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The importance of dead wood for hole-nesting birds: a two years study in three beech forests of central Italy

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This study explored the hole-nesting bird community for two years, in three beech forest stands of central Italy. Our experimental design involved 12 replicated sampling points in each study area for a total of 36 sampling points. Stand characteristics were measured through selected environmental variables (tree diameter, tree density, volume of dead wood, diversity of dead wood and canopy closure), to develop habitat models for describing the factors affecting the abundance of hole-nesting birds. We performed generalized linear models to determine which environmental variables better explained the presence and abundance of hole-nesting birds in the three study areas. The species that showed the highest values of abundance are the Nuthatch, the Blue Tit and the Great Tit. Within the guild of hole-nesting birds there are differences in the selection of suitable trees for nesting, roosting or foraging. Primary cavity nesters (woodpeckers) are mostly related to the presence of large trees, the volume of dead wood and tree height. The presence and abundance of secondary cavity nesters (tits, nuthatches and treecreepers) seem to be mostly influenced by diversity of dead wood. The diversity of dead wood is an important variable that influences the presence and abundance of hole-nesting birds. Maintenance of both living and standing dead wood in forest ecosystems is recommended to increase the effectiveness of conservation actions affecting the hole-nesting birds.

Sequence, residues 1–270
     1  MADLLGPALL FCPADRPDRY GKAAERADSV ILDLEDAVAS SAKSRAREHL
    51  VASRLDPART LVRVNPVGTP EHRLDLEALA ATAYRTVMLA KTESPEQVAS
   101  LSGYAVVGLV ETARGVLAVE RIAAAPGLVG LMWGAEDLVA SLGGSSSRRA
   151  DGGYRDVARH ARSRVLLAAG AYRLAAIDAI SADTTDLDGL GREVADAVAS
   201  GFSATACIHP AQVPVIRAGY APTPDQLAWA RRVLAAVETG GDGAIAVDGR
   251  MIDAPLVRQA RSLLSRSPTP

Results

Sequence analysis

Affiliations: 1: cCFS Centro Nazionale per lo Studio e la Conservazione della Biodiversità Forestale “Bosco Fontana” di Verona, Marmirolo, MN, Italy ; 2: bDepartment of Sciences, Roma Tre University, Rome, Italy ; 3: aConsiglio per la ricerca in agricoltura e l’analisi dell’economia agraria, Centro di Ricerca per l’Agrobiologia e la Pedologia (CREA-ABP), Firenze, Italy ; 4: d“Torre Flavia” LTER (Long Term Ecological Research) Station, Environmental Service, Rome, Italy

10.1080/15659801.2016.1191168
/content/journals/10.1080/15659801.2016.1191168
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/content/journals/10.1080/15659801.2016.1191168
2017-12-22
2018-05-21

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